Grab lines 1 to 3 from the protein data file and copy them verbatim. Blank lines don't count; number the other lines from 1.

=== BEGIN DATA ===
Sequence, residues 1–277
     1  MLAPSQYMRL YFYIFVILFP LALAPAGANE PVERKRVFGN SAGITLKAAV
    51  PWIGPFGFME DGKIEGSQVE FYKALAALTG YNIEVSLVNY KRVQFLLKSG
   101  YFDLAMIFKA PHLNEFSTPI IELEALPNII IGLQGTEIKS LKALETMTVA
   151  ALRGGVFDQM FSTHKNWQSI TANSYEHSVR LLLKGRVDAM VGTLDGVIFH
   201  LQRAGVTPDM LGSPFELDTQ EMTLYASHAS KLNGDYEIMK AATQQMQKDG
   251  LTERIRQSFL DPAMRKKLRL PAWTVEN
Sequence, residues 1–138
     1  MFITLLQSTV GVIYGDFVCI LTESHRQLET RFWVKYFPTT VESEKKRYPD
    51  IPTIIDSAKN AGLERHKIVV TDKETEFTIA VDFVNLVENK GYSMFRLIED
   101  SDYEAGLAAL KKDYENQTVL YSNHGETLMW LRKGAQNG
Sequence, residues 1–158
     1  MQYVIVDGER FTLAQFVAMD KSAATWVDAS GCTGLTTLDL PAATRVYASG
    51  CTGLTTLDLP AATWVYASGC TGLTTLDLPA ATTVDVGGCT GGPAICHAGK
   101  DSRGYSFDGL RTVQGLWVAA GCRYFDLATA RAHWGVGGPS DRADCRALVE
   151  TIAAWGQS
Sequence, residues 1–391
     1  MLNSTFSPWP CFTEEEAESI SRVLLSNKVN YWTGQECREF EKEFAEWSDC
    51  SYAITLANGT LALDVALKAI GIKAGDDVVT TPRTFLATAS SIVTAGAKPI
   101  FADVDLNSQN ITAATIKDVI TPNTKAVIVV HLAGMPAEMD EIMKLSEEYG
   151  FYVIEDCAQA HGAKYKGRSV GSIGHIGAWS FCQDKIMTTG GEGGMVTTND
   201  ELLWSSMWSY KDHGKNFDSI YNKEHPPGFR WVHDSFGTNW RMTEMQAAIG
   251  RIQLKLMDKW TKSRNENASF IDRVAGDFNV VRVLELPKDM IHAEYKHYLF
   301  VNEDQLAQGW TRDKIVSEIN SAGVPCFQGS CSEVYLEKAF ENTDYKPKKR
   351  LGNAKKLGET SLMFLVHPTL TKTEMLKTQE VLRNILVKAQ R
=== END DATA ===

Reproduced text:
Sequence, residues 1–277
     1  MLAPSQYMRL YFYIFVILFP LALAPAGANE PVERKRVFGN SAGITLKAAV
    51  PWIGPFGFME DGKIEGSQVE FYKALAALTG YNIEVSLVNY KRVQFLLKSG